Daniel Jalkut has, as usual, a very intelligent take on that ridiculous controversy about whether developers and commenters withhold criticisms of Apple in order to stay in their good graces. But I found this part most telling:
As a company, Apple doesn’t care about individual developers. This works both ways of course: they don’t go out of their way to help, but also don’t go out of their way to harm. When a developer benefits or suffers at the hands of Apple, I believe it’s always thanks to either a wide-sweeping corporate policy that affects all developers, or to an individual at the company whose everyday choices on the job can have a profound impact. An editor who chooses to feature an app on the store, for example, or a reviewer who chooses to notice and raise a fuss about a slightly non-compliant behavior in an app.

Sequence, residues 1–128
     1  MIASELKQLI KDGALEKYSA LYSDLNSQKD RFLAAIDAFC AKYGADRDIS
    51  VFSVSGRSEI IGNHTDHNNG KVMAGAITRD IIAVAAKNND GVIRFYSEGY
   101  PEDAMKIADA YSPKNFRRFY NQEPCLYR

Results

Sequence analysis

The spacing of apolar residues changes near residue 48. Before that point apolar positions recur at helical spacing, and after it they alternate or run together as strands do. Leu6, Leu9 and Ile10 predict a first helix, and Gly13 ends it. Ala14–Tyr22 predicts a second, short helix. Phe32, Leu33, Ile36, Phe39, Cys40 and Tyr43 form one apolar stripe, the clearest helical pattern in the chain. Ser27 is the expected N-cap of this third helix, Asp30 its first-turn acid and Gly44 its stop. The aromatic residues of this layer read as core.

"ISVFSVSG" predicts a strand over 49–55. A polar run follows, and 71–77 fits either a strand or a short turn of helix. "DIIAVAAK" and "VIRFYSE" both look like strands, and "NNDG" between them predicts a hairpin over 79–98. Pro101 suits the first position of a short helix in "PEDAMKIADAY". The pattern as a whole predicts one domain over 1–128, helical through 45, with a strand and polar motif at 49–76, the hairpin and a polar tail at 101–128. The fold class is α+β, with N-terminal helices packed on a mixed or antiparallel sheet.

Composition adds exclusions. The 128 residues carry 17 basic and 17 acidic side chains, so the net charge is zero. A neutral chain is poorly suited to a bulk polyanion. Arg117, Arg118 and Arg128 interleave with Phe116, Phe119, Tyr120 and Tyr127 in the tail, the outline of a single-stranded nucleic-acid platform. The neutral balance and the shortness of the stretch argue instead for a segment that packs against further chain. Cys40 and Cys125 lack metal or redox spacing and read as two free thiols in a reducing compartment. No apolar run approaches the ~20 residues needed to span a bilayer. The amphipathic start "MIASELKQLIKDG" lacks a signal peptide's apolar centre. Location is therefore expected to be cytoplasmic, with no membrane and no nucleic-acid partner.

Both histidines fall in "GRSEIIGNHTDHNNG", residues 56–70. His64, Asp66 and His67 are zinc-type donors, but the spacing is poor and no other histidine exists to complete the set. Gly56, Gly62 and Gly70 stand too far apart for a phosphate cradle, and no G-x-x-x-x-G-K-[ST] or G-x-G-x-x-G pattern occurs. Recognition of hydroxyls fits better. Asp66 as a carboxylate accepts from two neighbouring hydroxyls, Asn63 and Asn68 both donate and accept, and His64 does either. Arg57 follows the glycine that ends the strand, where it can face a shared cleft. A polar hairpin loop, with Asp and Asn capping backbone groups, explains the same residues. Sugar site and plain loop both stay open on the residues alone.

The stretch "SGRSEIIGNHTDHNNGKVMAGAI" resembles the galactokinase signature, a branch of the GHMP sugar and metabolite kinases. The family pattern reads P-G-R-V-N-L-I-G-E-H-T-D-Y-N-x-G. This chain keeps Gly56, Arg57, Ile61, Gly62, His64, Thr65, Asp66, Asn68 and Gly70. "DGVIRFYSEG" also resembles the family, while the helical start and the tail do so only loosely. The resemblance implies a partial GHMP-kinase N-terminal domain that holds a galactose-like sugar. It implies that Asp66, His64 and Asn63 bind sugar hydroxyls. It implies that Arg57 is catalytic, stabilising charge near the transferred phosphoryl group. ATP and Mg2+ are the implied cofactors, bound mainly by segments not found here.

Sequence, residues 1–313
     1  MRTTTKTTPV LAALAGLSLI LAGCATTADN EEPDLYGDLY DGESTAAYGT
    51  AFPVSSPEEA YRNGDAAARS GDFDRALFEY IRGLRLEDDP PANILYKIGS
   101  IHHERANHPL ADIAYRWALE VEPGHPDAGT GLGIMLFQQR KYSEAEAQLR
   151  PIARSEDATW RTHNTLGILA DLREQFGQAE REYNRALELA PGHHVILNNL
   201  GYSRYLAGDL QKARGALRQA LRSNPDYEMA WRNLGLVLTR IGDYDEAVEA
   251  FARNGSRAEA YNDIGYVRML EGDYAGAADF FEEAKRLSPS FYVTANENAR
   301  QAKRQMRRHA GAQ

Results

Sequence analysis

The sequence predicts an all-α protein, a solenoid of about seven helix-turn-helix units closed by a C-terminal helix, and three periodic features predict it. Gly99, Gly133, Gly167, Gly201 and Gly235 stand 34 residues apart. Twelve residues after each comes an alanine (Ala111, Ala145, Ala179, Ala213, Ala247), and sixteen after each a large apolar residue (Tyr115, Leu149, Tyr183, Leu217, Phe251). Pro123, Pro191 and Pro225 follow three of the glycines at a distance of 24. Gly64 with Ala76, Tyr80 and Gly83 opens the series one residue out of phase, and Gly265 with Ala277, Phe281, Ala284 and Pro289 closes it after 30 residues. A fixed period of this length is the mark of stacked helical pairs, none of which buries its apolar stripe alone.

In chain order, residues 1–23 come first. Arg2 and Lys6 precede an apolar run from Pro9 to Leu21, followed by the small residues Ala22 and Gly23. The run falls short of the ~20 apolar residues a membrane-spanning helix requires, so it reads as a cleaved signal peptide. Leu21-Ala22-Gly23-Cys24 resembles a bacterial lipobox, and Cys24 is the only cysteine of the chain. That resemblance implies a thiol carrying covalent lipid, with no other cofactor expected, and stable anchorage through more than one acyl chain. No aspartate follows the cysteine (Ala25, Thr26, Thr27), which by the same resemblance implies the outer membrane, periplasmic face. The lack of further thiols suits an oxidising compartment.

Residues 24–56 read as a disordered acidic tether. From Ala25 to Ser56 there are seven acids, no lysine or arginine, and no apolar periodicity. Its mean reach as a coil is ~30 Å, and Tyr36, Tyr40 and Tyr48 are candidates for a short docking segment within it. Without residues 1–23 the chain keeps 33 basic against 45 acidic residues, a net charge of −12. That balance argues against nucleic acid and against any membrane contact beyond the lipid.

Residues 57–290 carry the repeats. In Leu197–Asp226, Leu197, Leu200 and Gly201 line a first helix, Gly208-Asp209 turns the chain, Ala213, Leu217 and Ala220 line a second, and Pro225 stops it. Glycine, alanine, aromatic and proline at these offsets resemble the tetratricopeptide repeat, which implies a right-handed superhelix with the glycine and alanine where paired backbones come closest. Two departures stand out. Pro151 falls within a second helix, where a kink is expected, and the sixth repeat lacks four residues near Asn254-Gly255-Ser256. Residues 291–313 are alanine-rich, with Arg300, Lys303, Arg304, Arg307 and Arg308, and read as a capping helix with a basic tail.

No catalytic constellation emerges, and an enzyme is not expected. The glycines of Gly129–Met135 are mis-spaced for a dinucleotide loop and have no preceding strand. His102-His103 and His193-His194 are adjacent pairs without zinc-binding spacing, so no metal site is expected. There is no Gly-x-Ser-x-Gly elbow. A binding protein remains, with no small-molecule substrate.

There are at least two ways to look at this, and neither are incorrect. On the one hand, it’s great that Apple is made of people who, collectively, generally support developers as a group, but don’t pick on particular developers.
But then there are enough cases where a single individual can make decisions that are so maddeningly inconsistent with precedent that it can ruin any developer’s day. Sometimes, it’s when they reject an app from an indie developer for breaking rules that don’t exist. Other times, it’s when they allow apps from massive developers that fly in the face of actual rules.
I’ve said it before, but it bears repeating: it isn’t the App Store rules themselves that are frustrating for developers, but the inconsistent way in which they are enforced. If Apple wanted to disallow buttons or other interactivity in Notification Centre widgets, that’s fine, as long as it’s in writing and enforced consistently. It obviously limits what developers are able to do, but if there are an agreed-upon set of rules, it’s easy for them to know what to invest their time into building. When a rule is not written, and when it is only sometimes enforced, profoundly stupid things happen.